Good Luck!
Jim
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post #1623 of 2858 Old 10-17-2011, 07:25 AM
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Quote:
Originally Posted by bishopt View Post

Hey coder, I saw in the RS45 thread about a pre-order price...could u shoot me a PM with what the Street price is going to be for this thing...Motion is one thing that I will be curious to hear your impressions on, one thing that I see come up in the threads...I think I saw that Josayh might be getting one also...will be interesting to hear both of your feedback...

The early bird special was too much to resist! Like Coder it's a trial type thing.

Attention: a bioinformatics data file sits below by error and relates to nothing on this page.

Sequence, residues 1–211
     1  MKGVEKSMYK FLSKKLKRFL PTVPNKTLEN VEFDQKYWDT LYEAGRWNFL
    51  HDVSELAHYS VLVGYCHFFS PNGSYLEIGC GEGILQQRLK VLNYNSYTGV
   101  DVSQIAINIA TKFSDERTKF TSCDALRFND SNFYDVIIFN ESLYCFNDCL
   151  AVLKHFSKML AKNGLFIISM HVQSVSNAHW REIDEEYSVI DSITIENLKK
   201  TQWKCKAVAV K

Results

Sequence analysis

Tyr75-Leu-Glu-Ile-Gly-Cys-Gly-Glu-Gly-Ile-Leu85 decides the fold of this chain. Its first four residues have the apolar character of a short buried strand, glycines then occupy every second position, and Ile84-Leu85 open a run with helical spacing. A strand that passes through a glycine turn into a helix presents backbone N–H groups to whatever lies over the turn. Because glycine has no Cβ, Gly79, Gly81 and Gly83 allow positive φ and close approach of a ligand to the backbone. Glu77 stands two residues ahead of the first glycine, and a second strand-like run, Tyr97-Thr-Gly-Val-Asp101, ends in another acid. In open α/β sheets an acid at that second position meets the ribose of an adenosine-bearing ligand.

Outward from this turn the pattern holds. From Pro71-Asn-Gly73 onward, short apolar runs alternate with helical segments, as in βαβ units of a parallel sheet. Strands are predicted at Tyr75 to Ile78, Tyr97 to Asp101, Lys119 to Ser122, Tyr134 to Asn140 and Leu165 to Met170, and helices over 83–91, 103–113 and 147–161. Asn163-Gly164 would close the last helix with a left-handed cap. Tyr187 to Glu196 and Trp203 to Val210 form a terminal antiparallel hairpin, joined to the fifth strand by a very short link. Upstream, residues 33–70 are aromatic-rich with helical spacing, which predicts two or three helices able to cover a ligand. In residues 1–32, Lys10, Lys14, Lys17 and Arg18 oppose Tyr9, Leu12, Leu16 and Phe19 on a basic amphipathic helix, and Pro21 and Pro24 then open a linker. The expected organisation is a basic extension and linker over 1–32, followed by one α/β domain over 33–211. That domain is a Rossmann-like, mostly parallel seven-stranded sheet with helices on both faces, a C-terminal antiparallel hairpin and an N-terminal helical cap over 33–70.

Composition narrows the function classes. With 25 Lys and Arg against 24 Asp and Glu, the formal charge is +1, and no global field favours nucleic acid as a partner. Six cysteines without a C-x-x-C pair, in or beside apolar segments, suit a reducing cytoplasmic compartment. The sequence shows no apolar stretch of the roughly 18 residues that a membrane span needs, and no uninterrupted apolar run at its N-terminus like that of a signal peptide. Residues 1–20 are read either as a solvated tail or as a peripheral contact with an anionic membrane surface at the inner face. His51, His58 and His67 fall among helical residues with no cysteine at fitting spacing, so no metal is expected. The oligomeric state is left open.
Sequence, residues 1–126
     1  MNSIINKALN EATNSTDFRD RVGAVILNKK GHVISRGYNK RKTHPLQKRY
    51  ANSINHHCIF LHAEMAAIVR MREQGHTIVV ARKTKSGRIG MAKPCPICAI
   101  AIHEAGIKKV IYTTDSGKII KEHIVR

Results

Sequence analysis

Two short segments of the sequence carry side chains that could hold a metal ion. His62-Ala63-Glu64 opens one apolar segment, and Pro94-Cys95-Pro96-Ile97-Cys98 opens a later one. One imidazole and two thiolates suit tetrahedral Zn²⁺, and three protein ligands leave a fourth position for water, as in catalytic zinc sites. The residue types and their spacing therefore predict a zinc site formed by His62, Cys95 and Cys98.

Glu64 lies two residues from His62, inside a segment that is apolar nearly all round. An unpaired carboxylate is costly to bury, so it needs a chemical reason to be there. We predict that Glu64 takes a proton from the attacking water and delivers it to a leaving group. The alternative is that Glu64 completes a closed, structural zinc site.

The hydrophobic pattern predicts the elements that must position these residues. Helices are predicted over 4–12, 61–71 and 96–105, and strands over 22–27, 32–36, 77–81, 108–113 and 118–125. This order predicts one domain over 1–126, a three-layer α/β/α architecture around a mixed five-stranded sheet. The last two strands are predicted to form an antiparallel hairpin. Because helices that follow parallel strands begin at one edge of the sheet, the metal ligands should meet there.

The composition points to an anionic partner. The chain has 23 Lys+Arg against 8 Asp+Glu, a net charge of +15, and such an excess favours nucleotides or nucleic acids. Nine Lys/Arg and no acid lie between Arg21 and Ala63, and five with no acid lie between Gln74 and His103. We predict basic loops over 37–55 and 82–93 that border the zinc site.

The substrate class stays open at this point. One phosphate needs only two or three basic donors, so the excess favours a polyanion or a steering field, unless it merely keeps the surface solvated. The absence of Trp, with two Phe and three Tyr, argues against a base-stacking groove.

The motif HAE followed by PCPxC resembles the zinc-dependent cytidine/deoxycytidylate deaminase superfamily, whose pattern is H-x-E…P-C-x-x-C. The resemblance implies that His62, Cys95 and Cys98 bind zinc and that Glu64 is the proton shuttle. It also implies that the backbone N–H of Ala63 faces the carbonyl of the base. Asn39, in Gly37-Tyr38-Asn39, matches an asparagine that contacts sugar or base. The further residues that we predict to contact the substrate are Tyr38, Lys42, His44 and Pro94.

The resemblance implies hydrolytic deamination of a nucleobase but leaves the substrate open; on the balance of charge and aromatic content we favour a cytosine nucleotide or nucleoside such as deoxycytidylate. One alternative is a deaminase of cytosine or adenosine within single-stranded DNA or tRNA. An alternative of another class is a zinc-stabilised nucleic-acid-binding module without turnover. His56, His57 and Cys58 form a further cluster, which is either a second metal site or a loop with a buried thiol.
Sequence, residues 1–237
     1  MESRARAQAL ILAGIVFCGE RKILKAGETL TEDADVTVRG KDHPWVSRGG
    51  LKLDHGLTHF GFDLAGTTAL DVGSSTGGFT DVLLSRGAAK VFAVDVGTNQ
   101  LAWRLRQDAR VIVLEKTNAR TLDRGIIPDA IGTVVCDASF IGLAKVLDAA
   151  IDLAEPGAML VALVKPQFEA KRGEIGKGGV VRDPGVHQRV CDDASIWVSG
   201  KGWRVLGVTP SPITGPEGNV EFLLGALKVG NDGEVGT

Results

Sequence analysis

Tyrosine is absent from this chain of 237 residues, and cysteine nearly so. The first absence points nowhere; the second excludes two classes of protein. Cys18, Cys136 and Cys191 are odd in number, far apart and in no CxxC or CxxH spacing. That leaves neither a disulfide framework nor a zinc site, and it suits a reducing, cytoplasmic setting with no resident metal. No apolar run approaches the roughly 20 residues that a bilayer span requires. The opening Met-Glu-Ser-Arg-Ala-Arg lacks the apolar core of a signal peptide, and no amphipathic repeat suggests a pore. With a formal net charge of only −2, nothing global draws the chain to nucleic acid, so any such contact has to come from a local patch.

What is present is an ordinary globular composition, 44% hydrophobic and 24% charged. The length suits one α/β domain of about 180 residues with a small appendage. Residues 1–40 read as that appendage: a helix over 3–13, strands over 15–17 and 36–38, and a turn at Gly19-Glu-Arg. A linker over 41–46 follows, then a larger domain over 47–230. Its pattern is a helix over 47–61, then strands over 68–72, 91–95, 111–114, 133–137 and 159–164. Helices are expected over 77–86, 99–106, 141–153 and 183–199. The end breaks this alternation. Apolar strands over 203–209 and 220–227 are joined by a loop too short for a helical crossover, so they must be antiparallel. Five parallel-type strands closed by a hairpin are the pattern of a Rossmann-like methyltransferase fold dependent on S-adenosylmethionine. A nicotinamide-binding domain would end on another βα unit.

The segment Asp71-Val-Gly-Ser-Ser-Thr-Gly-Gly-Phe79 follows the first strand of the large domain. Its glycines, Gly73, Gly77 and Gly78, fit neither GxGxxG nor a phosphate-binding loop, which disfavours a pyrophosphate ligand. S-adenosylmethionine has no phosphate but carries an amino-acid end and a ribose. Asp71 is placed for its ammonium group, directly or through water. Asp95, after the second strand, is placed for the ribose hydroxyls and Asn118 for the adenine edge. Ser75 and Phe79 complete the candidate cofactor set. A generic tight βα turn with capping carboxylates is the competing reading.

I may get stuck with it for a while, since I'm moving soon and not sure what DLPs can work in the room with offset.

I know of several dealers that had or have smoking prices on the RS45.
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post #1624 of 2858 Old 10-17-2011, 07:49 AM
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Originally Posted by TwinCitiesJim View Post

Thanks guys for your comments. It sounds like the setup function is basically doing what I thought so I will leave it off.

As for the issue on the non-smooth gradation in the whites, I am still trying to figure it out, but haven't had a lot of time to play. Since none of you seem to be seeing the same thing, I will do some more troubleshooting. I am certain it is not my screen since I did not have this on my Benq. If I remember right, I think my gamma is set on cinema mode, but not sure if I remember the options correctly at this time....